Church slams Halloween in Mexico
Mexico's Roman Catholic church this week condemned Halloween as "damaging and against the faith," as conservatives sought to stem celebration...
The Associated Press
MEXICO CITY — Mexico's Roman Catholic church this week condemned Halloween as "damaging and against the faith," as conservatives sought to stem celebration of the ghouls-and-goblins holiday and return to the country's traditional Day of the Dead.
The U.S.-style holiday has made broad inroads in Mexico, with monster costumes almost as widely sold as the marigold flowers traditionally used to decorate relatives' graves during Nov. 1-2 Day of the Dead ceremonies, when families build altars and leave food, drink and flowers for the dearly departed.
"Those who celebrate Halloween are worshipping a culture of death that is the product of a mix of pagan customs," the Archdiocese of Mexico published in an article on its Web site Monday. "The worst thing is that this celebration has been identified with neo-pagans, Satanism and occult worship."
The archdiocese urged parents not to let their children wear Halloween costumes or go trick-or-treating — instead suggesting Sunday school classes to "teach them the negative things about Halloween," costume parties where children can dress up as Biblical characters, and candy bags complete with instructions to give friends a piece while telling them "God loves you."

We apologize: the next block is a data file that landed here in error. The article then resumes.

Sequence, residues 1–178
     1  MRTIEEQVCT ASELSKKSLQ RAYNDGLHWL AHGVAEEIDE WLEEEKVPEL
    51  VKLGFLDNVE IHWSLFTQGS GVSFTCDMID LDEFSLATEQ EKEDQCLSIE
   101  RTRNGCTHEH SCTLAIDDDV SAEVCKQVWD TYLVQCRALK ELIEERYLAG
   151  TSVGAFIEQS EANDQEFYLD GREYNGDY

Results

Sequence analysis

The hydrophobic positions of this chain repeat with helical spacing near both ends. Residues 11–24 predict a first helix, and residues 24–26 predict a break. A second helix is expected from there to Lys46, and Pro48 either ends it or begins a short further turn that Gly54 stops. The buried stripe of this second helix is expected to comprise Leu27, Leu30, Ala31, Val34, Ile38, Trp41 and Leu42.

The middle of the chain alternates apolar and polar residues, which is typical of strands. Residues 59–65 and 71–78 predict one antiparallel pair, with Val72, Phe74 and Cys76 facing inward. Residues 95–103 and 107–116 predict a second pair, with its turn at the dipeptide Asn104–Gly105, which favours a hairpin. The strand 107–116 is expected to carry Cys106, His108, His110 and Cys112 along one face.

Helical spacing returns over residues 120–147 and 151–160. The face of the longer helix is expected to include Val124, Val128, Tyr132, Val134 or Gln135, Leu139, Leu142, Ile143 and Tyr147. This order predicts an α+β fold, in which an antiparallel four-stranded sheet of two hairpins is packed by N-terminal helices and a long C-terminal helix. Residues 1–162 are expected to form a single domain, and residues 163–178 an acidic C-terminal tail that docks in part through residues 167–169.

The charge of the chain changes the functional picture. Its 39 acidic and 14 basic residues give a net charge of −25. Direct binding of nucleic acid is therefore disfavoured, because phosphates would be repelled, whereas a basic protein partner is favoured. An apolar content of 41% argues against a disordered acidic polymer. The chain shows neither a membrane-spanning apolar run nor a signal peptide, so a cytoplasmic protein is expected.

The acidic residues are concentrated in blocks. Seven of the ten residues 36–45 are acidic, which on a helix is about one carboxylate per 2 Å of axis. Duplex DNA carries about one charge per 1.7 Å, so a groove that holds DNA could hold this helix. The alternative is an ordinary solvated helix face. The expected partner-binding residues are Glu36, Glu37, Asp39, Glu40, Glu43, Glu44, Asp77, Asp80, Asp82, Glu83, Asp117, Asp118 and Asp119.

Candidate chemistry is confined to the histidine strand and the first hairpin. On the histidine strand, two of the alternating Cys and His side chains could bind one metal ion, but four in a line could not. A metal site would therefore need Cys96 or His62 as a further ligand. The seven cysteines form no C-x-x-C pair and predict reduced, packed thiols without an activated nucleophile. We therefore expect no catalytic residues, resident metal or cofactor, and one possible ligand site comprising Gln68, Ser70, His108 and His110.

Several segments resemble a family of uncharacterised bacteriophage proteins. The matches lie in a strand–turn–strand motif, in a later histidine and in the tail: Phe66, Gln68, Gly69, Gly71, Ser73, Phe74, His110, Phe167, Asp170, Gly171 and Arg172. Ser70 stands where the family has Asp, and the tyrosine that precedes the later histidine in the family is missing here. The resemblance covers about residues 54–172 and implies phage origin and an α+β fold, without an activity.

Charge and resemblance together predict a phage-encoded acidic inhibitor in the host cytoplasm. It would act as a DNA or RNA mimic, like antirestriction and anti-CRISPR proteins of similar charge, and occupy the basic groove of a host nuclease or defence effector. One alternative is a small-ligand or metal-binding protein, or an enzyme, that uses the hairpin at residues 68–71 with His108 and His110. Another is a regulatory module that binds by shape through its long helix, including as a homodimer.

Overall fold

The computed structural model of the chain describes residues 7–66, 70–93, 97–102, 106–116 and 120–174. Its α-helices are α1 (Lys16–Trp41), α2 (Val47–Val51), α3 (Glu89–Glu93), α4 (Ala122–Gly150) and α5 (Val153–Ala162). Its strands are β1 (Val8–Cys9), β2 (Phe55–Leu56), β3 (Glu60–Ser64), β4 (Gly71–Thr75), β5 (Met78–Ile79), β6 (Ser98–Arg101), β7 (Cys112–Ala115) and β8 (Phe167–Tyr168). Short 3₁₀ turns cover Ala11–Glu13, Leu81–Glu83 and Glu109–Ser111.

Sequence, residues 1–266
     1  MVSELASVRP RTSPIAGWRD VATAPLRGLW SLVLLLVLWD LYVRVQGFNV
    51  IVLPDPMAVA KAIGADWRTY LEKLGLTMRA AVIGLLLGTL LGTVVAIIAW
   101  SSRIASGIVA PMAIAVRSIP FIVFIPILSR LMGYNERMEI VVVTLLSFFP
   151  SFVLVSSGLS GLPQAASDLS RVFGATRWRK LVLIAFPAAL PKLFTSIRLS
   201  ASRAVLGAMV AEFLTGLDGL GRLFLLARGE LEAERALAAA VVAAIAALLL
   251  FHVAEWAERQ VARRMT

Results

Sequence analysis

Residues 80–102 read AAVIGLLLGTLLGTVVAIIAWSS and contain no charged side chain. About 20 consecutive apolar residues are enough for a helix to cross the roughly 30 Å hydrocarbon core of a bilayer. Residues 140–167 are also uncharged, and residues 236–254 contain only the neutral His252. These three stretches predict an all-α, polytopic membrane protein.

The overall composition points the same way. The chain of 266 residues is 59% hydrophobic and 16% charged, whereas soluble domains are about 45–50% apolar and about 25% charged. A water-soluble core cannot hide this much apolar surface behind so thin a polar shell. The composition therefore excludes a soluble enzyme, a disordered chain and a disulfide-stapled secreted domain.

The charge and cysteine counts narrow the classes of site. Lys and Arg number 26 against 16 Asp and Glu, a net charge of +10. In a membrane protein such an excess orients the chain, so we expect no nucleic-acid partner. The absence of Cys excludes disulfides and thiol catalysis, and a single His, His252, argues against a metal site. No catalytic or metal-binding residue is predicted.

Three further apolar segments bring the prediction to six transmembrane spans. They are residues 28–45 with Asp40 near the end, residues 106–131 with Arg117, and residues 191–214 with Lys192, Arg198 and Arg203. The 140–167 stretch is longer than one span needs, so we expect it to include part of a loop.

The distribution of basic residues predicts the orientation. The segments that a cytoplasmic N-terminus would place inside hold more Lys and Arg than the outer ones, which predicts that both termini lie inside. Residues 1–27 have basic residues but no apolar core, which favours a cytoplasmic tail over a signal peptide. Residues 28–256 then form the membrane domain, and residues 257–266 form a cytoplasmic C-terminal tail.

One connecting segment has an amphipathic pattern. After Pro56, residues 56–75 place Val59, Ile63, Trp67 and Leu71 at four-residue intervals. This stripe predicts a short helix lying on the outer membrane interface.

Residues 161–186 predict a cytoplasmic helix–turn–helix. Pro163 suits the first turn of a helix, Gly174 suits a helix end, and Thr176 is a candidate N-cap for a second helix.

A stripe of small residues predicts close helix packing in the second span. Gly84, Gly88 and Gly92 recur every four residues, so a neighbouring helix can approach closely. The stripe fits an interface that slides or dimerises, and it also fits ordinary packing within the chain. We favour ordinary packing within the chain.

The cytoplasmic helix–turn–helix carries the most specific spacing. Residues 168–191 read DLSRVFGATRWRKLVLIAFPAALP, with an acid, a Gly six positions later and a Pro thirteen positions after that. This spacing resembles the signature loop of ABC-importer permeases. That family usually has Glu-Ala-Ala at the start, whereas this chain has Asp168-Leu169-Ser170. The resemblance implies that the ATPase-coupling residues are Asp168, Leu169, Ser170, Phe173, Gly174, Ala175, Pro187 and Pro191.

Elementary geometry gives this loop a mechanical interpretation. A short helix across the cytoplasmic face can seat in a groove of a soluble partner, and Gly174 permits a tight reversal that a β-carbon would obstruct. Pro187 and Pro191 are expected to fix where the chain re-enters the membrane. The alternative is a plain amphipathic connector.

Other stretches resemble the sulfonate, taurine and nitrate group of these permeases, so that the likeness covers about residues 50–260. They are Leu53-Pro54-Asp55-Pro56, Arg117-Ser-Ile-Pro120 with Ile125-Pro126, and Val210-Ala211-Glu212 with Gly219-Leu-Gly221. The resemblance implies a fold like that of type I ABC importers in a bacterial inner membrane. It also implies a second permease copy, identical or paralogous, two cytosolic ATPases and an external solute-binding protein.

The church suggested holding these activities Nov. 1 — the Catholic All Saints' Day — but didn't endorse the Day of the Dead, a traditional Mexican holiday that also appears to have "pagan" roots.
Pre-Hispanic cultures celebrated a similar holiday in August, but after the Spanish conquest, historians say the date was changed to Nov. 1 to coincide with the Catholic holiday.
Meanwhile, the conservative Internet magazine Yo Influyo called on teachers to "eradicate" Halloween and "defend our culture."
"Halloween has not only invaded our daily lives, but what's worse, our workplaces," wrote columnist Roger Aguilar, referring to the Halloween decorations that are now common in offices and schools.
Copyright © 2007 The Seattle Times Company
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